Directed by Roger Ross Williams
At three years old, a chatty, energetic little boy named Owen Suskind ceased to speak, disappearing into autism with apparently no way out. Almost four years passed and the only stimuli that engaged Owen were Disney films. Then one day, his father donned a puppet—Iago, the wisecracking parrot from Aladdin—and asked “what’s it like to be you?” And poof! Owen replied, with dialogue from the movie. Life, Animated tells the remarkable story of how Owen found in Disney animation a pathway to language and a framework for making sense of the world.
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★★★★ review by Jack Moulton on Letterboxd
This is the happiest you'll ever be to see Gilbert Gottfried.
It's low stakes and sentimental, but it's whole hearted and feels like a very full 90 minutes.
★★★★ review by Ian Bulaclac on Letterboxd
As someone that grew up autistic and loves movies, this documentary really feels like my life on screen. What makes this film really good is the way it shows how Owen uses Disney animated classics to teach him how to speak and learn about life. Also I like how it shows how film can really be an escape from the stresses life can be. Like for example when Owen breaks up with his girlfriend, he watches film like Bambi or Aladdin to comfort him. Plus it does a good job at showing the struggles of growing up being autistic which I can relate to since I've been there.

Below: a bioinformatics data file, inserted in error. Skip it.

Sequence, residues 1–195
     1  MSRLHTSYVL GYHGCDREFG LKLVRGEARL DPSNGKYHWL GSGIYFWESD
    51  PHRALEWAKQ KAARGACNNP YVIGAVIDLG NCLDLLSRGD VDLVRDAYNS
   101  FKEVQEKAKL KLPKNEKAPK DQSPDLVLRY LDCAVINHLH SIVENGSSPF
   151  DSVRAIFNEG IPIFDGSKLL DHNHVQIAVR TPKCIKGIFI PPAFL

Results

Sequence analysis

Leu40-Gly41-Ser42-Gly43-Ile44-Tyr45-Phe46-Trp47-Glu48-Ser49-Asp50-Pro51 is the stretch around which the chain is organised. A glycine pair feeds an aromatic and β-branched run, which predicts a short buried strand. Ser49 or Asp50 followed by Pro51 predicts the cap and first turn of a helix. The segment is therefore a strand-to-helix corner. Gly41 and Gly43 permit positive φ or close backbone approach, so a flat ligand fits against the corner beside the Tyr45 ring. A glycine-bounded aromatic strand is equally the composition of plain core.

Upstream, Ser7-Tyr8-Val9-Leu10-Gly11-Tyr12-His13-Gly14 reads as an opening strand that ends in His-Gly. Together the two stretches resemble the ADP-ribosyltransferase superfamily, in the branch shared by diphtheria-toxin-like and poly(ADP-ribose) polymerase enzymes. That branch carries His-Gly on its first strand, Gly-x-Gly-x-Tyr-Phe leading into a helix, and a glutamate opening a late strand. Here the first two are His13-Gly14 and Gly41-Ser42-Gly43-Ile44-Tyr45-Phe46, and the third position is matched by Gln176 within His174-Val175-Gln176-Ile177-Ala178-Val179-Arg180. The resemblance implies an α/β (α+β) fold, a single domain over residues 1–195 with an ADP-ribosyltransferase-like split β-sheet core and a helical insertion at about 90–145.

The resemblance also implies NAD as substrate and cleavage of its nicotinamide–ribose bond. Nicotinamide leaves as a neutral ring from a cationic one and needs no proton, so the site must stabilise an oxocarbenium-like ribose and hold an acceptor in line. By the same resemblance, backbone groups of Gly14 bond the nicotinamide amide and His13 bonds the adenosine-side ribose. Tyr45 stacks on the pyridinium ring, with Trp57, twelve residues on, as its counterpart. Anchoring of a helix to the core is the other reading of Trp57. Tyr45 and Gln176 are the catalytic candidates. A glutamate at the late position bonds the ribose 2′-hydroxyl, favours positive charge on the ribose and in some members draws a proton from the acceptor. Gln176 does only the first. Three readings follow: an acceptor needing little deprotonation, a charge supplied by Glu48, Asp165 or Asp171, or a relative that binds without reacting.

If there's any flaws, I would say it does feel like a typical biographical documentary which isn't too bad. Overall this is another solid documentary to add to the list of great documentaries we had in 2016.
★★★½ review by Brad Boi on Letterboxd
That was beautiful. My heart wants this to win Best Documentary at the Oscars.
★★★★★ review by Gazelle Garcia on Letterboxd
The most relatable film of the year is about a young man who learns to relate to the world around him through the magic of animated films.
Owen was an expressive toddler who became a silent child. What he describes as the "fog" in his head is a life long challenge that is overcome by the love of his dedicated family and the exaggerated life on paper known as Disney animated features. His passion for WDA gave him the skills to adjust the way he communicates with people and how he understands himself. It's an incredible story about how these kinds of interests assist people with autism in such a huge way. The documentary follows Owen's transition into independent bachelorhood while retelling his incredible journey, like how Iago the parrot taught him how to escape the fog.
★★★★½ review by Filmusicinemike on Letterboxd
Such a beautiful, beautiful film about the passing of time and growing old in life. This documentary had touched me so deeply. I'm sad my journey with Owen is over, I wish the best for not only him but people with autism or other disabilities transitioning into our modern society. I don't really like the idea of a camera following around someone as closely as they did here, but it was a great film and I will rate it as that. Morally, it felt a little too much into the family's space. Incredibly made regardless.
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